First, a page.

In a post published yesterday we discussed about the decrease in support received by SOPA and PIPA. Today we pick up were we left with Congress’ healthy conclusion. Let’s check out the unfolding of the whole story:
On January the 15th 2012 a WashingtonMonthly report broke the news about SOPA being shelved by the Congress.
Ever since the controversial anti-piracy act took life in October 2011 both opponents and supporters of SOPA had been arguing, each presenting the cons and respectively pros of putting such a law into motion. Same goes for Senate’s Protect IP Act, commonly known as PIPA, a less aggressive version of SOPA, but with enough power to meddle with Internet’s freedom.
Last Friday SOPA’s sponsors agreed to drop a key provision that would have turned service providers into internet cops by being forced to block access to international “rogue” sites. That was the first blow to SOPA’s supporters.
The second came the very next day, when the White House announced its opposition to the bills (SOPA and PIPA).
“We will not support legislation that reduces freedom of expression, increases cybersecurity risk or undermines the dynamic, innovative global Internet.”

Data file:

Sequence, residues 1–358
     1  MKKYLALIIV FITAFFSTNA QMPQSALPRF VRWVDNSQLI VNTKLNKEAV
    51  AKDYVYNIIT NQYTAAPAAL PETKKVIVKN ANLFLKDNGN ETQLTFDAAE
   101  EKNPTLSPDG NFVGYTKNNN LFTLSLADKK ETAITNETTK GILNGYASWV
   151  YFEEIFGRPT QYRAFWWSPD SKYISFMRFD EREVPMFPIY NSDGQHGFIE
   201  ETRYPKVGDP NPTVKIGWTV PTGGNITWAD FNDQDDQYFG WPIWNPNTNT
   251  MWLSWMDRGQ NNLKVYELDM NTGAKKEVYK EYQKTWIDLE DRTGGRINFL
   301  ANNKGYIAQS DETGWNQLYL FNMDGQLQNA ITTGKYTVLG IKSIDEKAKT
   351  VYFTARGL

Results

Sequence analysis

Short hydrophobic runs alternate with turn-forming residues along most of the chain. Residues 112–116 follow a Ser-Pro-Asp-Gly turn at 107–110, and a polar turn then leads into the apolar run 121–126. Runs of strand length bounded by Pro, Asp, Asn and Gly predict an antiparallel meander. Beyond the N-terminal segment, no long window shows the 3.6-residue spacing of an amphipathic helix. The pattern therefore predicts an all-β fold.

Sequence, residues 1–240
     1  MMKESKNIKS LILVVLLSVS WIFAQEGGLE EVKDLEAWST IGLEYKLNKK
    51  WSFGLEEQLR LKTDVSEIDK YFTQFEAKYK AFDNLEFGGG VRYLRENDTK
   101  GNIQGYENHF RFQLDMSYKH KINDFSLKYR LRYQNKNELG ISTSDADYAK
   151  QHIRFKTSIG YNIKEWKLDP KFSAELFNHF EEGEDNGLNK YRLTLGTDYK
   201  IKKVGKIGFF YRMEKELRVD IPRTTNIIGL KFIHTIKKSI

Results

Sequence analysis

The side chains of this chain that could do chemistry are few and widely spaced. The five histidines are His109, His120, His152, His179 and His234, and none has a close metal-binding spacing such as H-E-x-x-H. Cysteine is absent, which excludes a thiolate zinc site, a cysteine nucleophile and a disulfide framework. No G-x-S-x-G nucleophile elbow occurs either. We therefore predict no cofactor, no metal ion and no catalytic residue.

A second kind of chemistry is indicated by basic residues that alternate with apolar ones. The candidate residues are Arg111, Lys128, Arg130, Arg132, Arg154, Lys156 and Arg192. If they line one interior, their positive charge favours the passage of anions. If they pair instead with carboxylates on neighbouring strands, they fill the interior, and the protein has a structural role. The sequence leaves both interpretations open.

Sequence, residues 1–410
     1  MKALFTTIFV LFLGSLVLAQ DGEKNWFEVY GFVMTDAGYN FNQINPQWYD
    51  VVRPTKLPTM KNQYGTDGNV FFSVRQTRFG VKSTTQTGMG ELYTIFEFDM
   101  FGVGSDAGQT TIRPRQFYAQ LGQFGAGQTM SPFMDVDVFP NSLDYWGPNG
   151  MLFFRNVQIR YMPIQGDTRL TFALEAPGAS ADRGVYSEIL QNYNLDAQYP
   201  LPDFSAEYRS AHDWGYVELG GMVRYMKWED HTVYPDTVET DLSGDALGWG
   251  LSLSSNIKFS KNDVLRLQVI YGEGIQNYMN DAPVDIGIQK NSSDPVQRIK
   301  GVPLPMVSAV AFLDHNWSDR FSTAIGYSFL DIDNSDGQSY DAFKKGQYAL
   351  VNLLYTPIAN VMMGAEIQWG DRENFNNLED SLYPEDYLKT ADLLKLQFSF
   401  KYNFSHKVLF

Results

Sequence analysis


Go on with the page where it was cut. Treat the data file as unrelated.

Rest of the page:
It added that any proposed legislation “must not tamper with the technical architecture of the Internet,” said the White House statement.
By now the Obama administration did not formally expressed any opinion. As part of the online “We The People” petition initiative launched by the White House in 2011, a response was published.
Just a few hours later the Congress shelved SOPA, indefinitely.
House Oversight Chairman Darrell Issa (R-Calif.) said early Saturday morning that Majority Leader Eric Cantor (R-Va.) promised him the House will not vote on the controversial Stop Online Piracy Act (SOPA) unless there is consensus on the bill.
“While I remain concerned about Senate action on the Protect IP Act, I am confident that flawed legislation will not be taken up by this House,” Issa said in a statement. “Majority Leader Cantor has assured me that we will continue to work to address outstanding concerns and work to build consensus prior to any anti-piracy legislation coming before the House for a vote.”
A very important battle has been won, but the “war” is not over.